8. No, because FAPE only applies to special education services and any types of supportive medical and behavioral services a child needs. A child with a 504-designated disability who would also benefit from advanced courses is not entitled to them under FAPE. In other words, FAPE applies only to things that are legally designated as disabilities, not to every aspect of an individual who has a qualifying disability.
  9. Agreed. Our willingness to underfund the education of our children (and, actually, of any person of any age who chooses to pursue an education of a variety of sorts) is repulsive.
  10. I find this country's overall lack of commitment to funding public education repulsive, but I don't find it repulsive that we have a law that at least attempted to ensure that our most vulnerable students receive what they need.
  11. FAPE (free, appropriate public education), specified in section 504 of the Rehabilitation Act of 1973, is only required for students with disabilities. It is a huge misconception that schools are required to provide FAPE for all students.
  12. Having been through this with one who is now a college graduate, I recommend that you don't start the college search. Give the information offered on this thread to your dd, and she can start the college search.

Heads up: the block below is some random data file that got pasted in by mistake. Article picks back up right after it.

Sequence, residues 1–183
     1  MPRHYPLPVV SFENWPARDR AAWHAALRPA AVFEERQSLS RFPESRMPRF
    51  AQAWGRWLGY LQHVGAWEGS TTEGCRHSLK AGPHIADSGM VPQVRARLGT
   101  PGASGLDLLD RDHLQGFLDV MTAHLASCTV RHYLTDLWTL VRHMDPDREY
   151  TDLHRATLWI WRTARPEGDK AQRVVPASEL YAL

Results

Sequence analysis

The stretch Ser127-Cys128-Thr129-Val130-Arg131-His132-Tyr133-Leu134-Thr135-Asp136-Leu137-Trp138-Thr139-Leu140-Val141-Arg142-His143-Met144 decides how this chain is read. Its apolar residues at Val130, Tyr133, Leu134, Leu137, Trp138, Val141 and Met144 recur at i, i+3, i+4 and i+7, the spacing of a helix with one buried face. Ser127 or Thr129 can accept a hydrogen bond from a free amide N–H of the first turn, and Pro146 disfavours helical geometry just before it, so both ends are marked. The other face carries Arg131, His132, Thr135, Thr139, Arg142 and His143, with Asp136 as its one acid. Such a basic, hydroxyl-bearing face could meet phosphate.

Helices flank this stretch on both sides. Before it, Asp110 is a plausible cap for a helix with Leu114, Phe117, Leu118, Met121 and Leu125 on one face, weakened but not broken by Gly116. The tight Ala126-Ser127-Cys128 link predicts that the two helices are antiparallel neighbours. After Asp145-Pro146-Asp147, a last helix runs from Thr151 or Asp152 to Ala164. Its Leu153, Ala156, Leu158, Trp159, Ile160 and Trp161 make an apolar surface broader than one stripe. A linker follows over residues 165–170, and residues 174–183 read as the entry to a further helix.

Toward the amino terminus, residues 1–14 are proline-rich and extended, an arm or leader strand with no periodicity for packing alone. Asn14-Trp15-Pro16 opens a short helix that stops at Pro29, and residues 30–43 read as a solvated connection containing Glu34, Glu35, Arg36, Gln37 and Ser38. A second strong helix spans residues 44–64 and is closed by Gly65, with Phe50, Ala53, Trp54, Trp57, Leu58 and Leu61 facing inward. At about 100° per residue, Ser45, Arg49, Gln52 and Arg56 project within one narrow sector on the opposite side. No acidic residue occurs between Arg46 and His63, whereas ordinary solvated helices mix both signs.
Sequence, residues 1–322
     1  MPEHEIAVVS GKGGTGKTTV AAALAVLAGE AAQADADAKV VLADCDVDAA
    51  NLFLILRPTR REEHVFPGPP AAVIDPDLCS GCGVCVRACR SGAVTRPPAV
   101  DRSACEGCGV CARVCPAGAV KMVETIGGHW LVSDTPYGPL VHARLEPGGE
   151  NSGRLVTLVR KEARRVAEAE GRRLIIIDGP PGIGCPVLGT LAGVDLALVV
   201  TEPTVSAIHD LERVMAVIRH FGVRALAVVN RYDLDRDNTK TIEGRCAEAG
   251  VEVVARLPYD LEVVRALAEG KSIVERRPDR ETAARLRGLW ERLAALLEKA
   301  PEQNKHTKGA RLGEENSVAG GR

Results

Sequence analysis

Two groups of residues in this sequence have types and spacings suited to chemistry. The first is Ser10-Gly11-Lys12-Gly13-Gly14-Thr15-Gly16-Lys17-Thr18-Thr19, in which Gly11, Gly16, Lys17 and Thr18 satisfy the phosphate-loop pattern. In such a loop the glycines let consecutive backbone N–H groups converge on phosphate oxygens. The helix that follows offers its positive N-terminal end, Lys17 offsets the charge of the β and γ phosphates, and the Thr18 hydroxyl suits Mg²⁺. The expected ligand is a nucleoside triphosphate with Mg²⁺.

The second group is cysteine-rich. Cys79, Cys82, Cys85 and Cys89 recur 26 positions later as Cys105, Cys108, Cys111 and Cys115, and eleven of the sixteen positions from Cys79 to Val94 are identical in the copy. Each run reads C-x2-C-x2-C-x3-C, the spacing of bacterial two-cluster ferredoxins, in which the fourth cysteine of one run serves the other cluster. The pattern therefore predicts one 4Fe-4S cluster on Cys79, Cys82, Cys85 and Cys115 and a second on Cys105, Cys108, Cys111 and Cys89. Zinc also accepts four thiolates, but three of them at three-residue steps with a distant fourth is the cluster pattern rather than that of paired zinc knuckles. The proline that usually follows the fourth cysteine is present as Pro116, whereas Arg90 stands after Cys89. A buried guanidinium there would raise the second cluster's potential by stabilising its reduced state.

13. This made me chuckle. I have never, ever even thought about whether eyebrows are "in" or "out" or anything other than just there are on your face, doing their eyebrow thing. :D
  14. I have never gotten my nails done. I don't paint them or do anything other than routine maintenance. I don't even get my hair cut outside the home. My husband cuts it. I tell you this so you know where I am coming from. It sounds like you are spending $100 a month or so on nails and eyebrows (which I'm going to admit, I don't even know what eyebrow waxing is or how much it costs, I'm guestimating $25?), and I can see the need to cut back on that. That said, if you love having your nails done, then designate the $30+tip as your personal discretionary money (which everyone should have barring complete financial destitution) and get your nails done every four weeks. That $30 is presumably not going to be the budgetary item that breaks the bank, and you actually deserve to do something nice for yourself once a month.